Former tennis pro Serena Williams has shared an unusual beauty hack she’s been trying to tackle a sore bout of sunburn.
The mum-of-two revealed she’s been rubbing breast milk under her eyes, after she used some retinol and then went out in the sun and got burnt.
Williams, who welcomed her second child with her husband Alexis Ohanian in August this year, said she has a stash of breast milk to use up.
“I’m trying some breast milk. It works for my kid – they say put breast milk on everything and I have a lot extra, so I’m gonna try it for a week or so under my eye and see how it goes,” she told her 1.6m followers in a TikTok video.
In the caption for the video, she shared an update, letting fans know that after a week of using breast milk under her eye, it had “worked”.
“I’m dying to hear your thoughts. Be nice lol,” she added.
Lots of her followers were in agreement that she should use castor oil instead, but some were also praising the positive healing effects of breast milk.
“40 years ago I used it as a facial when bathing. Miracle milk,” wrote one person in the comments.
Another mum said: “I gave a friend some of my breast milk to make bar soap for me to use on my son’s eczema. Was a wild concept to get my head around, but it worked!”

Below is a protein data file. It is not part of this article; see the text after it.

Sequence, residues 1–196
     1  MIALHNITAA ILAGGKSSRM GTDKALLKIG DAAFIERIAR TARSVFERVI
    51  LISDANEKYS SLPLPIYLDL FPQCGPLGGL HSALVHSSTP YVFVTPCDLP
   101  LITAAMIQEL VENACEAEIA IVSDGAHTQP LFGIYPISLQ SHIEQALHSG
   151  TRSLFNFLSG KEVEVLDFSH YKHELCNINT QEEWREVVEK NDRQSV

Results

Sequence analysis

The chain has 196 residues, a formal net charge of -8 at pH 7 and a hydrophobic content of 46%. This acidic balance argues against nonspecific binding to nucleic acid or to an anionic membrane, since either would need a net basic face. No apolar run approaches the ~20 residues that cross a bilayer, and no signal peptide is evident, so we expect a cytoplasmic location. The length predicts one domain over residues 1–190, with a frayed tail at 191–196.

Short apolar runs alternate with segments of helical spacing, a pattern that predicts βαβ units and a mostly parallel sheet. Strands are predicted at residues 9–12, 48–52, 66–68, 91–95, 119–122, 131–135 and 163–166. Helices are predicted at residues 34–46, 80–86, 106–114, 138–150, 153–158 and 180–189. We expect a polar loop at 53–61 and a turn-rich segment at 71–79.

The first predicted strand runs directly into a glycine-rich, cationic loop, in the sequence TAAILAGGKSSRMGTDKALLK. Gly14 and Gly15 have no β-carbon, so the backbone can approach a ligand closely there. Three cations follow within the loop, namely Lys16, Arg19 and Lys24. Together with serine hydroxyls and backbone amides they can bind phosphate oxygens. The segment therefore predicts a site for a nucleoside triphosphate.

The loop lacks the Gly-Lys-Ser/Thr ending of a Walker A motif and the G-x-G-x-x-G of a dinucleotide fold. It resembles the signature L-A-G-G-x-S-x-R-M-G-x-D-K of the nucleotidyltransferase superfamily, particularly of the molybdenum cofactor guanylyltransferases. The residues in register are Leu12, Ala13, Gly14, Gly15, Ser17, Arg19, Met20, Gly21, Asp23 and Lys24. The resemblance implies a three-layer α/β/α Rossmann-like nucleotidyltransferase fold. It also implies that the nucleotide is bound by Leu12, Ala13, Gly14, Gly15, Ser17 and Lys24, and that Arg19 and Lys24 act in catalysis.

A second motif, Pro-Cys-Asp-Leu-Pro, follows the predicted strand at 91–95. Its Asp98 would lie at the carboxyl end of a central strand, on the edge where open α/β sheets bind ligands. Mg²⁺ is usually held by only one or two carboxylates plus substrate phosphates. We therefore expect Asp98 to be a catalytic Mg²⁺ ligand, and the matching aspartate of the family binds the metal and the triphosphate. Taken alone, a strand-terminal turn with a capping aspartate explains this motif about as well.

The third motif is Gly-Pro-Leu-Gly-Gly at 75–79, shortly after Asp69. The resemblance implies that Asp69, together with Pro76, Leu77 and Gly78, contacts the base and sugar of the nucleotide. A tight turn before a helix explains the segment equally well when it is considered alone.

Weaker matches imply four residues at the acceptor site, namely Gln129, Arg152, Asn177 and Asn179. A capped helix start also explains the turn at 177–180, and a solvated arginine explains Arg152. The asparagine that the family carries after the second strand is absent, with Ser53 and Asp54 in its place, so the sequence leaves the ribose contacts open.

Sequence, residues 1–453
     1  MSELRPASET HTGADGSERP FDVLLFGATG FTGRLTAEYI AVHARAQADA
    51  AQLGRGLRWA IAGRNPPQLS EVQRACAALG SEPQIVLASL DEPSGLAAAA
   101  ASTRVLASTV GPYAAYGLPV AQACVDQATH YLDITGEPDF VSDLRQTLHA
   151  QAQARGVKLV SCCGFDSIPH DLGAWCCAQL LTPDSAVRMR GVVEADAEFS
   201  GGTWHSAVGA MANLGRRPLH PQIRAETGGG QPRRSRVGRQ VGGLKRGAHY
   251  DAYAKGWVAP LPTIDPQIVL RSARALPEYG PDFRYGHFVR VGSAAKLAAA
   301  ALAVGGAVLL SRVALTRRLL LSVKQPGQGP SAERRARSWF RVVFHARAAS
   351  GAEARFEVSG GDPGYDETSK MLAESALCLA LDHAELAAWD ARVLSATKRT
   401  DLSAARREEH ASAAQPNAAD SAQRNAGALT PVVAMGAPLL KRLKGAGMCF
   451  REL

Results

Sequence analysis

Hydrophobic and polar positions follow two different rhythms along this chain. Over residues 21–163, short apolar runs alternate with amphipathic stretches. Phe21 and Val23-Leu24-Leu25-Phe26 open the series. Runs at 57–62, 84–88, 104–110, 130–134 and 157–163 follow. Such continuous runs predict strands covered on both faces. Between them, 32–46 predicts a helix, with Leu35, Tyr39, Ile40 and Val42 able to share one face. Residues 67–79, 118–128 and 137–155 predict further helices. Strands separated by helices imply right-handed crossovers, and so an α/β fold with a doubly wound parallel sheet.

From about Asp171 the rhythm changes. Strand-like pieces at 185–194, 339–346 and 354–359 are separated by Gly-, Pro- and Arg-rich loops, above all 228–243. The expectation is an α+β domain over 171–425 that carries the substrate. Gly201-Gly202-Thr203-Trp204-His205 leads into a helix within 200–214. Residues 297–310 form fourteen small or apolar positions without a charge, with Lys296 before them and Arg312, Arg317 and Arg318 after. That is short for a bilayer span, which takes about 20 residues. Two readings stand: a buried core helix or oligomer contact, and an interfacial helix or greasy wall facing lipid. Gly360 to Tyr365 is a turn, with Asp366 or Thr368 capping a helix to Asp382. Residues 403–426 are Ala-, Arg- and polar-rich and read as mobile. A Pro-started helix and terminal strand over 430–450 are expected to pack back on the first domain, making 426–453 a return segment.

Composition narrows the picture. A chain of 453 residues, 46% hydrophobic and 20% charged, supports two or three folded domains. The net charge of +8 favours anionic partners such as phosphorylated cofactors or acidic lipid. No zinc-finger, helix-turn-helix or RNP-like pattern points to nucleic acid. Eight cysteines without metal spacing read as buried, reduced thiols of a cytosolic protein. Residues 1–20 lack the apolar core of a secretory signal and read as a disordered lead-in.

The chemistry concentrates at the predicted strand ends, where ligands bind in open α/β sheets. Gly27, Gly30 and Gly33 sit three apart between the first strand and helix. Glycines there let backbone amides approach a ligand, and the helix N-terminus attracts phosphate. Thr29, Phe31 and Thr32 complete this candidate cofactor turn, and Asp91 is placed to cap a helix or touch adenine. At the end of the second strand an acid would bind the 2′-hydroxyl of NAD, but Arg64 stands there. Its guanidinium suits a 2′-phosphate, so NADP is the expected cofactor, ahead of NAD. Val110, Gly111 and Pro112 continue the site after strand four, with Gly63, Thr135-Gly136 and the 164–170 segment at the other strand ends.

Why is breast milk good for your skin?
Breast milk has natural antibacterial properties, so it can be used to treat a range of skin problems, including cuts, scrapes and even eczema.
“It’s also a great ingredient for brightening skin, reducing signs of ageing and acts as a mild exfoliator too,” Salome Dharamshi, dermatologist and founder of the SKY Clinic, previously told HuffPost UK.
But what makes it so beneficial? Well, for starters, there’s an exfoliating agent found in breast milk which helps remove dead skin cells, said the dermatologist.
Amanda Azzopardi, an aesthetic nurse practitioner, said breast milk also contains antibodies and epidermal growth factors, “which promotes the growth and repair of skin cells”.
There is also vitamin A present, which can help prevent breakouts and hydrate the skin, says the skin expert, as well as fatty acids which can regulate the skin’s oil production and minimise signs of ageing – so a lot going on then.
But Dharamshi warned that while breast milk has a lot of benefits, there are potential risks, too – so take heed before slathering your latest batch of expressed milk onto your face.
“Firstly, there is a risk of transferring bacteria to the skin, especially if you are already prone to bacterial acne,” she said. “There is also a risk of infections if the milk is not stored properly and allergic reactions as breast milk isn’t suitable for all skin types.
“Since breast milk has not been clinically tested on skin, I would exercise caution.”